Thanks to the inspiration I’ve received in his class, I’m now pushing a 4.4 GPA, respecting and being courteous to my teachers, and not acting like a fool with every word I say.

“The Chrome Initiative” has grown immensely, and in a few short months the project will go national with a plan of action I’ve created.  My student blog, “The Fore Horsemen,” is something I enjoy writing and I will continue it even after the class ends.

“He’s a fool, he teaches nothing!”  I said that less than 6 months ago.  Now, I look at what I’ve accomplished under the wing of Mr. Theriault, and the results are incredible.

As this school year dwindles to an end, I think back at all of the wonderful things I learned in Mr. Theriault’s english class.  Without his guidance, I wouldn’t be the same person.

It’s amazing how far the simple words, “I believe in Ryan Carr” went.

With this I can confidently say, Mr. Theriault, you are the best teacher I’ve ever had.

 

Standard

Kids and the Internet

I am probably one of the biggest fans of teens using technology, but have you ever heard that expression “Ask your parents’ permission before going online”?  Well that warning is hardly ever being enforced in today’s world.

The reason I’m writing this article is because yesterday I decided to list my iPhone on Craigslist, since I’d purchased a Blackberry for business purposes.  Soon after, some kid responded to my ad wanting to buy my phone, and asks when we can meet.

So this person tells me that she is eleven years old through our short sequence of emails.  I’m not all that concerned about this as long as I get my money, so I tell her my address to come pick it up.  Twenty minutes later, this small 5’1 girl shows up at my door with $450 cash, and guess what, she’s alone.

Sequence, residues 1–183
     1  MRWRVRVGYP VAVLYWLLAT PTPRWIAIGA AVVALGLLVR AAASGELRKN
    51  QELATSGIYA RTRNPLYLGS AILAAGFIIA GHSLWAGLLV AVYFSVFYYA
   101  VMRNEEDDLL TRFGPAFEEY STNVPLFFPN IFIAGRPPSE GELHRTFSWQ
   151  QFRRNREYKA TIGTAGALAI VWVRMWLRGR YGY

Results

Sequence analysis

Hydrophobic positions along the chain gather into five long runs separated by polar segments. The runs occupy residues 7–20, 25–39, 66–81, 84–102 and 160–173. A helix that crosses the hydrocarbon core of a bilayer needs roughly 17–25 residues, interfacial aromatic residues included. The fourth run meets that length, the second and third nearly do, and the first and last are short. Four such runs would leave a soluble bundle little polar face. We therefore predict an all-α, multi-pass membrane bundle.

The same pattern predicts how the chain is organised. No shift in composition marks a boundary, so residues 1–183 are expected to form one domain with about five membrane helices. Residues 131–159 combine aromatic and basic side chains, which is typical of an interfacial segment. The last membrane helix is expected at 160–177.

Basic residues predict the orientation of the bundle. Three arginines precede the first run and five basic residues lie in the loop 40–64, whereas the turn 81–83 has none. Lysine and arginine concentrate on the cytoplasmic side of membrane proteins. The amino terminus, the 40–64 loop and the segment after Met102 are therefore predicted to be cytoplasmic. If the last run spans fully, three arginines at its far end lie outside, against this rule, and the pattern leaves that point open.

I asked her how she got here and she said she walked.  I asked if her parents knew what she was doing and she told me no, they’re at work.  So basically this eleven year old girl shows up to some random stranger’s house, with a large amount of money and no one else who knows what she’s doing.  I give her the phone, tell her to be careful, and she runs off.

There are so many problems with this I can’t even begin how to explain it!  First of all, she told me her age through the emails.  That’s a whoop-de-do moment for your garden-variety pedophile.  What if she was meeting someone much older than me, and also what if they had criminal intentions?  Imagine the look on a recently-paroled sex offender when he finds out that there will be an eleven year old girl showing up, alone, to his house?

There have been many incidents where kids who went to meet people on Craigslist were kidnapped, raped, and even killed!  I even get the urge to kill someone on CL when they’re aggressively trying to lower the price.

Second, this kid came to my house alone and doped up with money.  What kind of parents allow an eleven year old to go out on their own?  I certainly would not if I had a kid that young.  Also, this small, 5’1 girl was carrying more than $400 in cash around.  Dangerous to begin with.

Third, the little girl just paid me and ran off with the iPhone box I gave her.  Sure, there was the iPhone and accessories in it, but she didn’t even bother to check, much less test it.  She could’ve just handed a large sum of money to someone trying to scam her!

Fourth, where was this girl getting the money?  $100 is a lot of money to a teenager, and now an eleven year old shows up at my door with over four times that amount.

In conclusion, I think that teens as immature as that should stay away from Craigslist, much less stay off the Internet!  I guarantee you that girl will eventually get robbed, or worse!  I cannot believe I’m saying this but I think that parents should regulate Internet usage and monitor their children!  (And I thought my mother was hard on my Internet use!)